Of the participants, 15.5%, 29.7%, 28.1%, and 21.1% women reported being physically inactive at teenage, at 30 years, at 50 years, and in late life (mean age (±standard deviation, SD) =71.6 (5.2) years) respectively. Physical activity reports at each age were positively correlated with physical activity at all other ages but these correlations were low to moderate, ranging from 0.24 to 0.64 (p<0.05).
Women who were physically active as teenagers were, on average, younger, more educated, more likely to be married or to have ever smoked, and less likely to report a diagnosis of diabetes in late life than women who were physically inactive as teenagers (). In addition, women who were physically active as teenagers reported fewer depressive symptoms and had a lower average BMI in late life than women who were inactive as teenagers (). The pattern of participant differences between physically active and inactive groups at age 30, age 50, and late life were similar to the differences between groups at teenage except that age 30 physical activity status was not associated with age, marital status and late life physical activity status was associated with hypertension in addition to diabetes but not smoking status.
Late-Life Characteristics of 9344 Women
In separate models, women who were physically active at teenage, at 30 years, at 50 years, or in late life had higher average mMMSE score than those who were inactive at the same age in unadjusted analyses (p<0.001). In multivariable models, the difference remained significant (p<0.001) for all ages except for age 30 (p=0.055) (adjusted for variables significantly associated with physical activity at the relevant age—Teenage: age, education, marital status, diabetes, depressive symptoms, smoking, BMI; Age 30: education, diabetes, depressive symptoms, smoking, BMI; Age 50: age, education, marital status, diabetes, depressive symptoms, smoking, BMI; Late Life: age, education, marital status, diabetes, hypertension, depressive symptoms, BMI). The difference in mMMSE score by physical activity status was small but statistically significant at each time point (0.1 to 0.3 points higher for physically active vs. inactive at any point over the life course). When physical activity measures for all four ages were entered into a single model, adjusted for variables associated with physical activity status at any age (age, education, marital status, diabetes, hypertension, depressive symptoms, smoking, and BMI), only teenage physical activity status remained significantly associated with cognitive performance in old age (teenage p < 0.001 versus age 30 p=0.49, age 50 p=0.10, late life p=0.15).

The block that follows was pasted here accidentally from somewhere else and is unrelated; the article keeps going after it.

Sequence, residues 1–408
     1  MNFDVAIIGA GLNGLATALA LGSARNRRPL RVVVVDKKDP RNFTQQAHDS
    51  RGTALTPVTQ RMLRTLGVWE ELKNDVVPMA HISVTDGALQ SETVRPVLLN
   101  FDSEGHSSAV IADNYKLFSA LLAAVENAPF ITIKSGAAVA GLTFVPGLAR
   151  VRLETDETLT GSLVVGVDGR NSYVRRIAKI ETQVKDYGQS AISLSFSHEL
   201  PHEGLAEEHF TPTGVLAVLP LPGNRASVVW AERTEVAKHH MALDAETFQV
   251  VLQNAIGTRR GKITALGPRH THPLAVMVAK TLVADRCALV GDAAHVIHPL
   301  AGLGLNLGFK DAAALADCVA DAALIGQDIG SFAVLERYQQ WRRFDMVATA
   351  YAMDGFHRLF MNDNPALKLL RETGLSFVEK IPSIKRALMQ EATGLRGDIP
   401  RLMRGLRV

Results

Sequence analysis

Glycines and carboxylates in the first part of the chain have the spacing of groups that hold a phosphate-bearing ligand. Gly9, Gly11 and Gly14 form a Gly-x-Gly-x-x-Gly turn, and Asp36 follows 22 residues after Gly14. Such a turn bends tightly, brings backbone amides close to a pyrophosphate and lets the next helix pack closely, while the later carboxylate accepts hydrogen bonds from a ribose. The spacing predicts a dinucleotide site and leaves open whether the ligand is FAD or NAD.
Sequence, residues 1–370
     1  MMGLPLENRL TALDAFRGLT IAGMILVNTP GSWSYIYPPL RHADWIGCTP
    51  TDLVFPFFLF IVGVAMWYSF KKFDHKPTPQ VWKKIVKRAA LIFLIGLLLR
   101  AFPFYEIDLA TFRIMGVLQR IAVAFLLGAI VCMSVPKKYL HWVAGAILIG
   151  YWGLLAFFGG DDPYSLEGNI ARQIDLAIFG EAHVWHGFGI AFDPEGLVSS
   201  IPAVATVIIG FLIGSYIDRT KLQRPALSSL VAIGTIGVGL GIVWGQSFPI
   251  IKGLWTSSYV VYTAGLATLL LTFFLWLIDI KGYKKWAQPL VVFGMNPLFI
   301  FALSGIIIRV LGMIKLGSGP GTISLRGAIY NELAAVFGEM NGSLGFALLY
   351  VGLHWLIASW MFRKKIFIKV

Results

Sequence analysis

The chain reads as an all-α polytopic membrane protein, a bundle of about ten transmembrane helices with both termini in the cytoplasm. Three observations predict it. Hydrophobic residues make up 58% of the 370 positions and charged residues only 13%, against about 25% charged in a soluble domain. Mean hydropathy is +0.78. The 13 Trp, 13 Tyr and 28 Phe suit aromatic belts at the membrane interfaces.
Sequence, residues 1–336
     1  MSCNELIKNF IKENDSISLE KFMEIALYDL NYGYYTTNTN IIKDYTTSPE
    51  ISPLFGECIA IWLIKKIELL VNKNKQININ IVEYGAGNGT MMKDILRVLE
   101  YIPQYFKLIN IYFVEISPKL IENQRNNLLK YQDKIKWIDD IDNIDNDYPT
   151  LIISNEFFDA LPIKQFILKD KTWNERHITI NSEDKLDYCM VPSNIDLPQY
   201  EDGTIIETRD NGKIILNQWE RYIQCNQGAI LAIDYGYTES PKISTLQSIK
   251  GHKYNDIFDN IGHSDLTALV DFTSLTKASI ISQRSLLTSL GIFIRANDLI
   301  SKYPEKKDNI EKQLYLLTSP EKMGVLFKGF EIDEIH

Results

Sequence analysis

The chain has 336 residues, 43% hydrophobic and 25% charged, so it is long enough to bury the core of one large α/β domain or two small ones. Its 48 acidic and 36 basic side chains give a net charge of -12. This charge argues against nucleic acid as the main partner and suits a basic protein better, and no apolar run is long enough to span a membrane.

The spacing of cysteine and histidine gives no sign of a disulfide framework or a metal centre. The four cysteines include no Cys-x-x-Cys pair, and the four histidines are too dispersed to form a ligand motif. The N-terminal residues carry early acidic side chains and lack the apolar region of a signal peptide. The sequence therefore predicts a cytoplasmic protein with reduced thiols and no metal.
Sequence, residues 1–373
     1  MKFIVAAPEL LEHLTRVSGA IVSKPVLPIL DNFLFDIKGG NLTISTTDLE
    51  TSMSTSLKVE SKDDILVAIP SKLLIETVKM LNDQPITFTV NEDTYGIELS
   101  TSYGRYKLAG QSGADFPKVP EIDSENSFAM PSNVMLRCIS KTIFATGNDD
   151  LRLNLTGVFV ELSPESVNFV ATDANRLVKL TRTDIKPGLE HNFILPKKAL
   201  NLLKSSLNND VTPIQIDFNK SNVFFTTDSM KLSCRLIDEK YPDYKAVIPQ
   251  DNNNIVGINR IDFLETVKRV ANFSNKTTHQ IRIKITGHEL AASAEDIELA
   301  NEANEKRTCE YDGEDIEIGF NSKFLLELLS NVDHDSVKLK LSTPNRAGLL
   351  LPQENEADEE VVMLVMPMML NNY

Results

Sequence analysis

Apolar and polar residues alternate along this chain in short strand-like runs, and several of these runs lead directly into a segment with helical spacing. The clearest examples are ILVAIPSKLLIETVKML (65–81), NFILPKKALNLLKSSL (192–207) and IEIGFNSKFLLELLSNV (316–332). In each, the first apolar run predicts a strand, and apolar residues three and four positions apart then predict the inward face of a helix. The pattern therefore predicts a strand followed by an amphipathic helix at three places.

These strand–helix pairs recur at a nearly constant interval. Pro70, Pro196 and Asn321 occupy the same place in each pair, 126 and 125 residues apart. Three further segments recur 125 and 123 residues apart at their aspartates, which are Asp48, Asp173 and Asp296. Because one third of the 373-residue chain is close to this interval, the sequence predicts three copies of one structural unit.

Women who were physically active at each age were also less likely to have cognitive impairment in late life than those who were inactive in unadjusted analyses (teenage: 8.5% vs. 16.7%; Odds Ratio (95% Confidence Interval, CI): 0.46 (0.39–0.54); age 30: 8.9% vs. 12.0%; 0.71 (0.61–0.82); age 50: 8.5% vs. 13.1%; 0.62 (0.54–0.71); late life: 8.2% vs. 15.9%; 0.47 (0.41–0.55)) (). The associations remained significant at each age when potential confounders (as per linear regressions) were included in the model (teenage: 0.65 (0.53–0.80); age 30: 0.80 (0.67–0.96); age 50: 0.71 (0.59–0.85)); late-life 0.75 (0.61–0.91)) (). When physical activity status for all four ages (teenage, 30 years, 50 years, and late life) were entered into a single model, teenage physical activity status was most strongly associated with lower odds of cognitive impairment (Teenage: (95%CI): 0.73 (0.58–0.92)); the association between physical activity status at other ages and the odds of cognitive impairment was not statistically significant.
The Association Between Physical Activity Status Across the Life Course and the Odds of Late Life Cognitive Impairment, as Defined by >1.5 SD Below the Mean mMMSE (mMMSE≤22), In Older Women.
Teenage physical activity status significantly modified the relationship between age 30 (p=0.004) and age 50 physical activity (p=0.011), but not late-life physical activity (p=0.26), and the risk of cognitive impairment in late-life. Women who were physically inactive at teenage but became physically active at age 30 and age 50 had significantly reduced odds of cognitive impairment relative to those who remained physically inactive (). In contrast, being physically active at age 30 and age 50 was not significantly associated with rates of cognitive impairment in those women who were already physically active at teenage ().
Adjusted odds of cognitive impairment in older women who were physically active versus inactive over the life course, stratified by teenage physical activity status